Table 1 also shows the accumulations of investing $1,200 on the low day of the same month each year. Using this timing method, the greatest accumulation came when investments were made on the low day of January each year. However, the accumulation of this opportune investment exceeded the accumulation of the first day of the year investment approach by only $2,956 ($154,082 – $151,126) over the entire 23-year period.

    Investments in February each year exceeded accumulations of the first day of the year investments by only $25.

    Table 1. Annual Investments in S&P 500: 1982 Through Year-End 2004
    $1,200 Annual Investment On: Total Accumulated ($)
    First Day of each Year 151,126
    Low Day of each Year 160,777
    High Day of each Year 123,768
    Low Day Each January 154,082
    Low Day Each February 151,151
    Low Day Each March 149,126
    Low Day Each April 147,313
    Low Day Each May 145,137
    Low Day Each June 143,064
    Low Day Each July 142,384
    Low Day Each August 143,491
    Low Day Each September 138,863
    Low Day Each October 140,809
    Low Day Each November 136,391
    Low Day Each December 139,086

    Table 2 shows the accumulations of investing $100 on the first or last day of each month of the year (to equal the $1,200 annual amount). Not surprisingly, the differences in the 23-year accumulations between the first day or last day of the month are negligible but these accumulations fell short of the annual amount on the first day of the each year by $10,064 ($151,126 – $141,062).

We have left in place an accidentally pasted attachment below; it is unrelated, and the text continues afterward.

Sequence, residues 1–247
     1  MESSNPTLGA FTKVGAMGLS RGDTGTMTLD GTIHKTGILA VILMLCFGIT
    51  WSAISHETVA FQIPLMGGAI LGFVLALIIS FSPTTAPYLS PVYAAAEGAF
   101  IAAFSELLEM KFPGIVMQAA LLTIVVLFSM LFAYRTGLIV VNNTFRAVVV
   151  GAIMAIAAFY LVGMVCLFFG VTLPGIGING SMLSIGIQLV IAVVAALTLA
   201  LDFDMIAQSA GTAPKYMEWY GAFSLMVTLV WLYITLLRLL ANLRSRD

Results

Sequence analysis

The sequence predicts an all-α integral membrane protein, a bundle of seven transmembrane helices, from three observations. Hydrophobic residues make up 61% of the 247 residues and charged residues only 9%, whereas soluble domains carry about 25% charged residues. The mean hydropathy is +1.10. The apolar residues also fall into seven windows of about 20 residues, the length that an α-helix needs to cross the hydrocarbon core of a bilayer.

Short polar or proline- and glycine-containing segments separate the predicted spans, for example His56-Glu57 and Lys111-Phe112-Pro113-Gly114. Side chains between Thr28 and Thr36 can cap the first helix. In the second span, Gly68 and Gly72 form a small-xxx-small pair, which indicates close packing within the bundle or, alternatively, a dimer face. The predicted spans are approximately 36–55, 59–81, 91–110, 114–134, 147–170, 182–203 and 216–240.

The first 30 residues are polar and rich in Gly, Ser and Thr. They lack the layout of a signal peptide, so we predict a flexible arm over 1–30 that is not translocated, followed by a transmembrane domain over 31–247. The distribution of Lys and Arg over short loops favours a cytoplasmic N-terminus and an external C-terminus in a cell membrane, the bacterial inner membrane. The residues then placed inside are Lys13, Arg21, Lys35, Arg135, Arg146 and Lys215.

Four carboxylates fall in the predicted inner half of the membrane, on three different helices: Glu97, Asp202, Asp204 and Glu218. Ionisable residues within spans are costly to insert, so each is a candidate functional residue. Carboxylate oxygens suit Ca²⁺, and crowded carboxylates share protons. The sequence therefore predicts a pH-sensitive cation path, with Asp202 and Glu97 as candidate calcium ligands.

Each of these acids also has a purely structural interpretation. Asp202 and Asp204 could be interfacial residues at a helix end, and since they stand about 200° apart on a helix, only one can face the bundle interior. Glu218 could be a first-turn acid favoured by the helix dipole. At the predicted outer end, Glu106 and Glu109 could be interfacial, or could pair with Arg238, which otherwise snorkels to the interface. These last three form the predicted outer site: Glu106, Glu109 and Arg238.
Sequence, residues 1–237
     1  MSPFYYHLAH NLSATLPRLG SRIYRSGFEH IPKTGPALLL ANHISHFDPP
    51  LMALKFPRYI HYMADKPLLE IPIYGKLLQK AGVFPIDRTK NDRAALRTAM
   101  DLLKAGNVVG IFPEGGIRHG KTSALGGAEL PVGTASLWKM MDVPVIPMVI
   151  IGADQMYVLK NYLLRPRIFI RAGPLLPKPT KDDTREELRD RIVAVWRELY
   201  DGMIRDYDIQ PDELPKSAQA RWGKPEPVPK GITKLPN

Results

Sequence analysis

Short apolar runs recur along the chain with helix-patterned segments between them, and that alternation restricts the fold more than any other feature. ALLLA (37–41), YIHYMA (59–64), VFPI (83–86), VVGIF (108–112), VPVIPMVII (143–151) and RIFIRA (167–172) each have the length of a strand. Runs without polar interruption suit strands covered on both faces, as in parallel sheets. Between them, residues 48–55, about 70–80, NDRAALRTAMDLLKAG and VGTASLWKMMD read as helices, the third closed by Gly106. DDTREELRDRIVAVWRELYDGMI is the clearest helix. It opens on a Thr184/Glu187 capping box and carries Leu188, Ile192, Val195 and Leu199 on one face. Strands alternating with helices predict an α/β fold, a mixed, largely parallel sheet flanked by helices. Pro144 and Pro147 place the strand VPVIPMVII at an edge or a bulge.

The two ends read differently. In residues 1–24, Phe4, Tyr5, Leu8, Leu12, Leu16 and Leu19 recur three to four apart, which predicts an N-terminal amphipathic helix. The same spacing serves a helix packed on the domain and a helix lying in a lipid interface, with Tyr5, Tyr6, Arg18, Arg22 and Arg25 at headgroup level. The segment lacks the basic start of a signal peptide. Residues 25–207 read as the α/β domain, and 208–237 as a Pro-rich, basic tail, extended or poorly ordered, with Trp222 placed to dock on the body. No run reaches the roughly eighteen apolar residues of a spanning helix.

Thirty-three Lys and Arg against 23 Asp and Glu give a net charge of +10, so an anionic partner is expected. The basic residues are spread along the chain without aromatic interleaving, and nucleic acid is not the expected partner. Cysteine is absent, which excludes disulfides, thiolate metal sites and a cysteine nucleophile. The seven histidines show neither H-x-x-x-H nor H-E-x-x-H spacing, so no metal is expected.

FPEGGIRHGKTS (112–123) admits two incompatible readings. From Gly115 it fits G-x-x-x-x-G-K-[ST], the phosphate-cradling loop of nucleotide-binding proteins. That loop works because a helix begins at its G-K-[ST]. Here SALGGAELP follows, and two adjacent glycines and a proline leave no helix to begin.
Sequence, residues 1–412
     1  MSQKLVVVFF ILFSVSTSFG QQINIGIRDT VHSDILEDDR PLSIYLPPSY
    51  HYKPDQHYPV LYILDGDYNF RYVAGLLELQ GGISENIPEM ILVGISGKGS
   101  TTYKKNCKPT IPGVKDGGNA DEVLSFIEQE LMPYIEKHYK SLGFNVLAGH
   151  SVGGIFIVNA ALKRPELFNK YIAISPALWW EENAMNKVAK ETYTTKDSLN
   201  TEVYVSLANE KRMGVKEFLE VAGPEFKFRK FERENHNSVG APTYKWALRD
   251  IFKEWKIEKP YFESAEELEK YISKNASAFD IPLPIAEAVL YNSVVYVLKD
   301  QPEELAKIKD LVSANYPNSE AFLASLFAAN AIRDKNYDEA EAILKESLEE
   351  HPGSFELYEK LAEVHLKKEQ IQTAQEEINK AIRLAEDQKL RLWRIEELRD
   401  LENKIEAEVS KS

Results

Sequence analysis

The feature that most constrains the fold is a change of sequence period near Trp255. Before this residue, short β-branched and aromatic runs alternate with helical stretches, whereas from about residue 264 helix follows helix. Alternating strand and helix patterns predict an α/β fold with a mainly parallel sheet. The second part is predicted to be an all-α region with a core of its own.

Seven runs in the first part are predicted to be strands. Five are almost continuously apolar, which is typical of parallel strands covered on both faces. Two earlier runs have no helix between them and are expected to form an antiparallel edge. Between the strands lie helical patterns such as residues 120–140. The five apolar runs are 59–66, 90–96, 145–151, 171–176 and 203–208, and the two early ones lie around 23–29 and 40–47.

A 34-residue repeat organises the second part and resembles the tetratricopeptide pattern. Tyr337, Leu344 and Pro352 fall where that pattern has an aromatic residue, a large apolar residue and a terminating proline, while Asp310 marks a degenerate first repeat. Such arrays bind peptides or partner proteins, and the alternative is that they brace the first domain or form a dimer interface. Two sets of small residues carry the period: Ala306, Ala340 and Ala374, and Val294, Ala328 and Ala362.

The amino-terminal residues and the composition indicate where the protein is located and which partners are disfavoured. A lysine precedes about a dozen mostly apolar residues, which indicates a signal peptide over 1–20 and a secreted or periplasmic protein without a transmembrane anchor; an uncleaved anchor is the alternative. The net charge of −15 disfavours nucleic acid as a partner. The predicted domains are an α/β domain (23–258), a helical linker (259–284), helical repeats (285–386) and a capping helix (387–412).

Table 2. Monthly Investments in S&P 500: 1982 Through Year-End 2004
    $100 Monthly Investment On: Total Accumulated ($)
    First Day of each Month 141,062
    Last Day of each Month 139,248

    Conclusion

    It is virtually impossible to time one’s investments on the low day of any one year and even less possible to time one’s investments on the low day of every year.

    The same is true for trying to time the market on the low day of any month and the low day of the same month over a period of several years.

    To state that the best day of the year to invest is at the market low is simply rhetoric.

    However, investing on the first investment day of the year is very easy. And this analysis shows that investing $1,200 on the first investment day of every year in the S&P 500 produced an accumulation that is very close to (within $9,700 or 6%) investing on the best investment day of each year.

    For those who would find it difficult to invest a single amount once each year: By investing $100 on the first day of every month in the S&P 500, the investments accumulated to within 12% of the accumulation that timing the best day of the year to invest would yield.

    There may be other days each year that would generate accumulations closer to the optimum, but those days are unknown and an investor cannot get too much closer than investing on day one of each year.

    The future may not repeat this, or any past, performance, but it is only the past that we can hope to be a window to the future.


    Robert Muksian, Ph.D., is a professor of mathematics at Bryant University in Smithfield, Rhode Island.